This Curb Your Enthusiasm Review contains spoilers.
Curb Your Enthusiasm Season 9 Episode 1
I don’t know if there was a betting line in Vegas as to what would be the first thing that annoyed Larry David in the long-awaited Curb Your Enthusiasm season 9 premiere but there definitely should have been. The creative gamblers among us certainly could have guessed right on “those annoying dispenser mechanisms on soap and shampoo bottles that won’t work until you twist them exactly the right way.”
God bless Larry David and Curb Your Enthusiasm for getting the obvious out of the way early: Larry is still Larry. For as much as television can be a static medium, most shows like to at least pretend that their characters are capable of change. Even a show about patently awful people like It’s Always Sunny in Philadelphia has let its characters evolve here and there – mostly in new, awful ways but even sometimes sympathetically. Curb Your Enthusiasm is not that show and Larry David is not that character (or even person, maybe?).
A lot changed on television in the time between Curb Your Enthusiasm season 8 back in 2011 and the debut of season 9 last night. The little streaming service that could went full Empire, Marvel came to broadcast TV, and most importantly: comedies became dramas. That’s overstating it a bit of course but the half-hour slot on television suddenly became a vehicle for strange, wonderful, experimental fare. Shows like Louie and Atlanta are comedies in name but also auteur-led weekly short films. Rick and Morty is a science fiction exploration of why everything in the known universe simultaneously does and does not matter. BoJack Horseman is a show about a talking horse with existential dread.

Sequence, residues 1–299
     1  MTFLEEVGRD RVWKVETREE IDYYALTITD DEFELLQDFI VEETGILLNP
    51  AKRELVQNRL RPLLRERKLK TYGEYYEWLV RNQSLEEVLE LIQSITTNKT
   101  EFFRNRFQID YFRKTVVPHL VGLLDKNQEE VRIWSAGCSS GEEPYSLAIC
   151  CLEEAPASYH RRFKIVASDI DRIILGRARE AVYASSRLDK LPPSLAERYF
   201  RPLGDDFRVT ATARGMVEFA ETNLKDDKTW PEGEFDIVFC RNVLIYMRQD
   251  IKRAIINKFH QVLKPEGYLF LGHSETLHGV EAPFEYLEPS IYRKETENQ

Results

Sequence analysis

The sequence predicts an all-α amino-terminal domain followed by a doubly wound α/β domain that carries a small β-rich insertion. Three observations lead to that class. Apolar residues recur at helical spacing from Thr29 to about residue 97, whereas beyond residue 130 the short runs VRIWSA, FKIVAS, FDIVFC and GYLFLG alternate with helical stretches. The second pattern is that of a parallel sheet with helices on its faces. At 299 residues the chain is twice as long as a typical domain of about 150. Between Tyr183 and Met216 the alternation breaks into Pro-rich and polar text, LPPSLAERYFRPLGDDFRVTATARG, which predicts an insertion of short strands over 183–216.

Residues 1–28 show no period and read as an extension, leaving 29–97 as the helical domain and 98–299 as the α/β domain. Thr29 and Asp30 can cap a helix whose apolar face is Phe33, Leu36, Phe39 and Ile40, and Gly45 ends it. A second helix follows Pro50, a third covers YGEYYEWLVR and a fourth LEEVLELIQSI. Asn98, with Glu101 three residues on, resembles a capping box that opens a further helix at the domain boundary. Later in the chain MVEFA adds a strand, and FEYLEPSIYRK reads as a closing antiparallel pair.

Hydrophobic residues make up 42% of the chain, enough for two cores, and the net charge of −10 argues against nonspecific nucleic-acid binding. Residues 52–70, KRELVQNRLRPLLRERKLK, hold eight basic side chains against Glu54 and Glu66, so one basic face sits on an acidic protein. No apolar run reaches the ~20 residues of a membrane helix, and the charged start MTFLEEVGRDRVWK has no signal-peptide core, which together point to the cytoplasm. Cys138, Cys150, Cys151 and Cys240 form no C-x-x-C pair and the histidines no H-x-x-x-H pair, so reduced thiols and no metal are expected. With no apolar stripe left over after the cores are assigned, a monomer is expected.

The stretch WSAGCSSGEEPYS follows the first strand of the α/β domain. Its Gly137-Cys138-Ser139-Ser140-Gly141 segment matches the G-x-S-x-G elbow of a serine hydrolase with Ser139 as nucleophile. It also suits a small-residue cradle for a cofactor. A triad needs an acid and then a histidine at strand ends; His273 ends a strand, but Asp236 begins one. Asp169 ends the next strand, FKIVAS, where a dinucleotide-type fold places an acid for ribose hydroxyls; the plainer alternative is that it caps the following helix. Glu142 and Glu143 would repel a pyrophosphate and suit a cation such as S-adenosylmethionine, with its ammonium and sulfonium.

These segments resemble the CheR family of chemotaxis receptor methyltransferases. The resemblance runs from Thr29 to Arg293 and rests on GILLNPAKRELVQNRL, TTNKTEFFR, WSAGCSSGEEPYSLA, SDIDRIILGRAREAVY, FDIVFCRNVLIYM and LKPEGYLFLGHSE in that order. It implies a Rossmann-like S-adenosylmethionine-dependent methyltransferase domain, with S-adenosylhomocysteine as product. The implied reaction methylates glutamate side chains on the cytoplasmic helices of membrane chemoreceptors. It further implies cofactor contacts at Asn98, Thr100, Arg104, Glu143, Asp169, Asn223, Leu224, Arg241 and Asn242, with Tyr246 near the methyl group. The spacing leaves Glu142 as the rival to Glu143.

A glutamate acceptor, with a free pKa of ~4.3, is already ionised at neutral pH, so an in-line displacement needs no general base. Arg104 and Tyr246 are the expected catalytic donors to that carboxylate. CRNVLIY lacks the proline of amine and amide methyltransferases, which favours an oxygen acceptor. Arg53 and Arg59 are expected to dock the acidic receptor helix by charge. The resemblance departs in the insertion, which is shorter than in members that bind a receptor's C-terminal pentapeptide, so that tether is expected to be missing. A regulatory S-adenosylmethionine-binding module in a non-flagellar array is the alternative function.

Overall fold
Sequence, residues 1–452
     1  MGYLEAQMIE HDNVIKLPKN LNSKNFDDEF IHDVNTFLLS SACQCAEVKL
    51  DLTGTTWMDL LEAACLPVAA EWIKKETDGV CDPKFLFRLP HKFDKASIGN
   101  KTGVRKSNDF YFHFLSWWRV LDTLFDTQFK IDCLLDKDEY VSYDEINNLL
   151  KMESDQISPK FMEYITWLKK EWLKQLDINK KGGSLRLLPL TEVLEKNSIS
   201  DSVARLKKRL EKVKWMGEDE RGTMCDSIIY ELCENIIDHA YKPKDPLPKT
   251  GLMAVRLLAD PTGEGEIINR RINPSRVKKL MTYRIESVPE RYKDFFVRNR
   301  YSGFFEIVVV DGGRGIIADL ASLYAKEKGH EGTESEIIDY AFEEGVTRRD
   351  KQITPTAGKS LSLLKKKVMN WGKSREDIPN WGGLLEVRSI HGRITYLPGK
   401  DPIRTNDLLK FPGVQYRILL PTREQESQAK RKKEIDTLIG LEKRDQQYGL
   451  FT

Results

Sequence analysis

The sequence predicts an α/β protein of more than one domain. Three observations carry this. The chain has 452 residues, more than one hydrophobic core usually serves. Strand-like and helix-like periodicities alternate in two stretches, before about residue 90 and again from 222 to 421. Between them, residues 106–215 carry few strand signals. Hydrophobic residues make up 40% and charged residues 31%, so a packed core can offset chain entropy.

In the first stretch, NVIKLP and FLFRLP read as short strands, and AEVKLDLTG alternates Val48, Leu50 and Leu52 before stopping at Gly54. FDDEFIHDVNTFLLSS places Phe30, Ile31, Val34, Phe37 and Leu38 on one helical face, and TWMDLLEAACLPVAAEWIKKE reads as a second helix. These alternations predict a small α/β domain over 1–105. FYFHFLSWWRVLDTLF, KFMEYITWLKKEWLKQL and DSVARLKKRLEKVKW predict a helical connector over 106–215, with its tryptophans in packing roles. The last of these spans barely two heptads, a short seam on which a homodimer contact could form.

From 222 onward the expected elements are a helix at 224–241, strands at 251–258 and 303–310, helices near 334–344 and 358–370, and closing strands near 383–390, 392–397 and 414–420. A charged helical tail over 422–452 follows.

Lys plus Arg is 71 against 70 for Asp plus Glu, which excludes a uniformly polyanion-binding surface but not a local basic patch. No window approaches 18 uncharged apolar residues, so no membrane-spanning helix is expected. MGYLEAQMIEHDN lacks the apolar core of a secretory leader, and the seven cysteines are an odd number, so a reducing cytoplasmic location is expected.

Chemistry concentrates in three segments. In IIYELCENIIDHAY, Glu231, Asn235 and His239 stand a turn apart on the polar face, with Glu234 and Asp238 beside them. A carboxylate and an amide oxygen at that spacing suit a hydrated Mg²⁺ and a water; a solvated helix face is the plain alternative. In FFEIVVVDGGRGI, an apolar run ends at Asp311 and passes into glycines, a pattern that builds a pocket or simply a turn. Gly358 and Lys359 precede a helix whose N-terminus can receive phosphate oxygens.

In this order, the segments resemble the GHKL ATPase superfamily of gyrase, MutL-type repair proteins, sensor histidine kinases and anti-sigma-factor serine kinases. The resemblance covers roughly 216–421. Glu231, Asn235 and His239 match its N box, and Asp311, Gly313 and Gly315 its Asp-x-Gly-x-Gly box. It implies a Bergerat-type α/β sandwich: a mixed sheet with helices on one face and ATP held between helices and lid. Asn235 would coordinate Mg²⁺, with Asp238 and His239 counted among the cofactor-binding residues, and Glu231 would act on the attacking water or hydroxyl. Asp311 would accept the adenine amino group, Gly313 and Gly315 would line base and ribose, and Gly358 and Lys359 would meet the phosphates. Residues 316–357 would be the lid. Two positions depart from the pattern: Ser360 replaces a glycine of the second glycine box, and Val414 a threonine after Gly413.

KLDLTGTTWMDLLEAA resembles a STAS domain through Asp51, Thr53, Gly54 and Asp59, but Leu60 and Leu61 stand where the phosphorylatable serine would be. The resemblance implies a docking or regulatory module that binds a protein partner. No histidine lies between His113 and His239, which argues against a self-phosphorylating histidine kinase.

The bar for half-hour comedies has been raised, seemingly exponentially within the past six years. Can Curb Your Enthusiasm survive in this brave new world?
Of course it can. It’s funny.
“Foisted!” finds Larry and Leon returned from Europe and back to their daily routines in Los Angeles. Which for Larry means showering seemingly constantly while Leon “lamps around” Larry’s poolhouse. Larry has finished a script for a musical* called Fatwah, based on the fatwah the Ayatollah placed on Salman Rushdie, and is shopping it around Hollywood. This, of course, means the return of Larry’s manager, Jeff Greene (Jeff Garlin) and more importantly Jeff’s wife Susie. “Foisted!” gets a lot of mileage purely out of the novelty of assembling these lovably weird characters together again.
*It’s nice to see that Larry has apparently maintained his love of Broadway from season 4 when he starred in The Producers.
One forgets how jarring and ultimately charming Curb’s transparently improvisational style can be. When Larry comes to Jeff’s office and they joke about Fatwah and the haircut Jeff is currently receiving, it’s essentially just David and Garlin catching up in front of the camera. Curb’s gonna Curb.